The data keeps expanding as increasing numbers of online users forego privacy in exchange for social connections. A June 2011 survey by Consumer Reports National Research Center found that 34% of Facebook users shared their full birth date online and 21% shared their children’s names and photos. Roughly one in five didn’t bother using Facebook’s privacy controls.
“Consumers expect personalization and expect to be social and share information, often in public, with others online,” says Shawndra Hill, a Wharton operations and information management professor. “As target marketing and recommendation engines become more a part of our daily experience, users are becoming more aware that their personal and behavioral information is being used by firms for advertising…. Some people care about their digital privacy. But it is often the case that consumers are willing to give up their ‘data liberties’ in return for something useful, desirable and assumed free. So in essence, consumers pay for services with personal data.”
A vast ecosystem of companies has evolved to capture, aggregate, manage and distribute that digital data. Consumers leave information about their online behavior through cookies — small text files sent by a website’s server and stored on the user’s computer or mobile device. Cookies enable websites to recognize the browser on return visits, making it possible for users to store profile information on favorite sites and maintain homepage preferences. Cookies also may capture behavioral information, which data aggregators, ad agencies and ad networks use to develop targeted advertising. A single website often has relationships with a range of third parties that collect cookie data for various purposes.
The online advertising industry says it does not buy and sell information that identifies individuals personally, such as names or email addresses, but aggregates anonymous data to build profiles of consumer groups. “The good actors in the industry do not trade in personally identifiable information,” notes Sherrill Mane, senior vice president of industry services at the Interactive Advertising Bureau, an association of more than 500 media and technology companies that churn out 86% of online advertising in the United States. The objective is to develop more robust audience segmentation, she says, “not to get people’s names and hound them.”
That doesn’t mean other parties couldn’t use digital data to target individuals, according to Lee Tien, a senior staff attorney at the Electronic Frontier Foundation, a San Francisco nonprofit that works to defend digital rights. “Advertisers … are only interested in us as potential consumers and buyers, [but] there’s very rich data out there. Other agencies might be more interested in you more personally,” he says, pointing out that many popular websites host an average of 65 third-party trackers. Employers or insurance companies, for example, could potentially deny applicants employment or health insurance based on information they find in the data collected. “It’s not the advertising side of it” that is concerning, he notes. “We worry about people being tracked because we don’t know what that data is going to be used for.”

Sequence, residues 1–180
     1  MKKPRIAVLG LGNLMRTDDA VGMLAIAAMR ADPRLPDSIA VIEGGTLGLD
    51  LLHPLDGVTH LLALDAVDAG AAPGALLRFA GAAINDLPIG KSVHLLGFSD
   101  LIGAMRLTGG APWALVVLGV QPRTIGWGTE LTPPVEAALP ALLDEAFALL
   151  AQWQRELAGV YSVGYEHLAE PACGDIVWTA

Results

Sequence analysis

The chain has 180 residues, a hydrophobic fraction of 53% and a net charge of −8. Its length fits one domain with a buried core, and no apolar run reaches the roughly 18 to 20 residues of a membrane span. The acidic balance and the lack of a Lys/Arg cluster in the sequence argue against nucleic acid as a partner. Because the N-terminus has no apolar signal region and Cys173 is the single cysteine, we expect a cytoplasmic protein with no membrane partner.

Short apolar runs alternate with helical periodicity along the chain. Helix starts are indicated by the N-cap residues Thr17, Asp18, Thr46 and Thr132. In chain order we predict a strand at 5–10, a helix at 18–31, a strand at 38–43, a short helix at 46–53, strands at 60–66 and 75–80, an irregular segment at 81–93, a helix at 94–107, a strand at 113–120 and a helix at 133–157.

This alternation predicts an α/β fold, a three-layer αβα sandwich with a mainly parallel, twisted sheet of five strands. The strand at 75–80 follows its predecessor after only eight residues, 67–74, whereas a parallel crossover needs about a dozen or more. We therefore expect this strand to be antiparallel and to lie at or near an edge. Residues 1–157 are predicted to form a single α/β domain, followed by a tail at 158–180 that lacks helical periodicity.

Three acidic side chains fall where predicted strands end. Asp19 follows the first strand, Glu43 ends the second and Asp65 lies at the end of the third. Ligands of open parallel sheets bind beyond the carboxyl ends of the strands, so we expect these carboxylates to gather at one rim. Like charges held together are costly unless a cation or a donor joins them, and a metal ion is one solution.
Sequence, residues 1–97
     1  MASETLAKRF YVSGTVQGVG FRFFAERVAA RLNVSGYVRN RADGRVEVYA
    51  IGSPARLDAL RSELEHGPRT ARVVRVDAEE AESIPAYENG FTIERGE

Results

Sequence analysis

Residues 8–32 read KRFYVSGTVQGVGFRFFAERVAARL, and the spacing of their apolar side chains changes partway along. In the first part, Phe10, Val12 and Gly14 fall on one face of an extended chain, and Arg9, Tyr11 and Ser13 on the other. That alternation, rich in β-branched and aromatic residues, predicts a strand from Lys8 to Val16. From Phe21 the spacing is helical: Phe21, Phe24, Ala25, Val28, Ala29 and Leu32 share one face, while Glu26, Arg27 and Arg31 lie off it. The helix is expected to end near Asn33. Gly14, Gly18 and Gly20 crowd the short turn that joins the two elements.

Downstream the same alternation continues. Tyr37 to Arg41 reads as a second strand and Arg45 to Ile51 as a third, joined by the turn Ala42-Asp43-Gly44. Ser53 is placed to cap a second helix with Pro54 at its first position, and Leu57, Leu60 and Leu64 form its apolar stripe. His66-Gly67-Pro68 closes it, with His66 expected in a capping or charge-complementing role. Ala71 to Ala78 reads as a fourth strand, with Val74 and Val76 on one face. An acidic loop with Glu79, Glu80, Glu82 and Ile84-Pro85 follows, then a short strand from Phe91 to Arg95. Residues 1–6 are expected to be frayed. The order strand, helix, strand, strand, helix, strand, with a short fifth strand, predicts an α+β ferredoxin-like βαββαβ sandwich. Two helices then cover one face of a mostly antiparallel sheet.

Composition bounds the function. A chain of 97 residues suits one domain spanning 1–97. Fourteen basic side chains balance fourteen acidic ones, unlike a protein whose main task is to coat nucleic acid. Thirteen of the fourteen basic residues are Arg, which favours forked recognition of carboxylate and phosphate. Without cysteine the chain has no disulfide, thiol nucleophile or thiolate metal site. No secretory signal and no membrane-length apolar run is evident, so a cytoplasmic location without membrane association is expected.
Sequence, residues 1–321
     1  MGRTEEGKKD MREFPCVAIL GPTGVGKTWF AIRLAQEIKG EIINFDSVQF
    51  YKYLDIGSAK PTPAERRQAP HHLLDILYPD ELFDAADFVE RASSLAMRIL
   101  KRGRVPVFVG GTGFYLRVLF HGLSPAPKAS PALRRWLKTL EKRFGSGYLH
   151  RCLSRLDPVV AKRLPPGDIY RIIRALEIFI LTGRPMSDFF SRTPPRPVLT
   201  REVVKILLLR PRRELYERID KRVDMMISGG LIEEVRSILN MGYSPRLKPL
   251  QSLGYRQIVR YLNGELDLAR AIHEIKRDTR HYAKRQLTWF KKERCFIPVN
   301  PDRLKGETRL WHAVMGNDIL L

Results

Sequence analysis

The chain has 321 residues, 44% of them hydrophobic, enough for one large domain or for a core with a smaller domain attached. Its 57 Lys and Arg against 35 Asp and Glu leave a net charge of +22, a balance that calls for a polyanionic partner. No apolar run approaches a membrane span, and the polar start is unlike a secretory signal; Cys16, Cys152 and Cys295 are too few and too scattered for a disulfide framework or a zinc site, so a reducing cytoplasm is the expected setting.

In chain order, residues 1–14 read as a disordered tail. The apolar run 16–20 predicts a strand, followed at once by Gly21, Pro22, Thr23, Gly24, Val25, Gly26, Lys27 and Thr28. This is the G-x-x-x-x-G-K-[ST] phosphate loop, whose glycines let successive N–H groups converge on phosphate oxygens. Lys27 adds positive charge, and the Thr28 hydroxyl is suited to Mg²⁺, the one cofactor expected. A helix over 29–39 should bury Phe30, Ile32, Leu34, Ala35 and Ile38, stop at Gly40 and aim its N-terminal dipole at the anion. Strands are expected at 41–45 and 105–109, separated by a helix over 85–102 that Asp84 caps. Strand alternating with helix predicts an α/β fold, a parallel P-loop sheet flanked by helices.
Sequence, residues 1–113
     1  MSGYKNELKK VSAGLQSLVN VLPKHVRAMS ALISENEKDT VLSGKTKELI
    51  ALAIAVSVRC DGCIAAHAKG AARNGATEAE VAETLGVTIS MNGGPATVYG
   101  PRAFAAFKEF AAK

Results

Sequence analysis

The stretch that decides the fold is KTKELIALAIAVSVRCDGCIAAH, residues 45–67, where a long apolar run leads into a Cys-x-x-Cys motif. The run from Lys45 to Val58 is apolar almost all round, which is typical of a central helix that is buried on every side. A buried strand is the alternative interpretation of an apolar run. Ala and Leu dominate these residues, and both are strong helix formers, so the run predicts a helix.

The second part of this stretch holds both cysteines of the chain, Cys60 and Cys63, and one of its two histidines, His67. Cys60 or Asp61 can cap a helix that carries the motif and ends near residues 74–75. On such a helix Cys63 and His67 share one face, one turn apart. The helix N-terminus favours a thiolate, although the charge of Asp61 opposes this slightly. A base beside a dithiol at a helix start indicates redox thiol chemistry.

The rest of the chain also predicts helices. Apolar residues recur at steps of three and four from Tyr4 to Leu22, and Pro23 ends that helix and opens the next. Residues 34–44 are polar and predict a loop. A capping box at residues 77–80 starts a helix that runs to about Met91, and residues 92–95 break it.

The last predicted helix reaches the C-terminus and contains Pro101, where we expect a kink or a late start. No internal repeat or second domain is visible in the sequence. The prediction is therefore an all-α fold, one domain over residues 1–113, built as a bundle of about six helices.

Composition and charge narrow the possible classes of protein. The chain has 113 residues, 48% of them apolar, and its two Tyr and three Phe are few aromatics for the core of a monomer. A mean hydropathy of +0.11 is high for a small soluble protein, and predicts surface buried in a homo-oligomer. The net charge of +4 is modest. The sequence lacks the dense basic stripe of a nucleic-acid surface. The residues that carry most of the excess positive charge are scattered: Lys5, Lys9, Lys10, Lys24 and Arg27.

Studies show most online users suspect their behavior is being tracked, but either don’t care or don’t know how to prevent it. A 2011 survey by New York-based market research firm Harris Interactive and TRUSTe, a company that helps clients such as Facebook, Microsoft and Apple comply with privacy requirements, found that 30% of consumers believe advertisers are obtaining personal information such as phone numbers, email and physical addresses without their consent. More than half (52%) assumed that their online browsing behavior had been shared with advertisers without their approval.
Yet while 94% of consumers consider online privacy important, only 37% consistently take steps to protect their personal information online, the survey also found. Only one in four regularly opt out of online tracking, and less than one in five (19%) said they had ever downloaded and used a tracking blocker product.
Despite the growing awareness of online tracking, there’s a “creep-out factor” when consumers see an advertisement on one site that reflects browsing on another, especially if the computer user “had no idea the two websites were talking to each other,” says Wharton’s Matwyshyn. “There’s a broader feeling from consumers of progressively losing control over their digital identities and information.” The growing tension stems in part from “a world-view conflict that’s happening between privacy-conscious consumers and radical, transparency-supporting entrepreneurs,” she notes. Tech entrepreneurs start off with a different mindset than the average consumer: They believe unlimited information sharing is good. Since computer code tends to carry the values of its creators, they naturally build their views into their platforms. “Without full disclosure of how information is being shared, most consumers won’t be able to understand how the code works on the websites they’re using, and will feel that they are essentially being unfairly turned into a product.”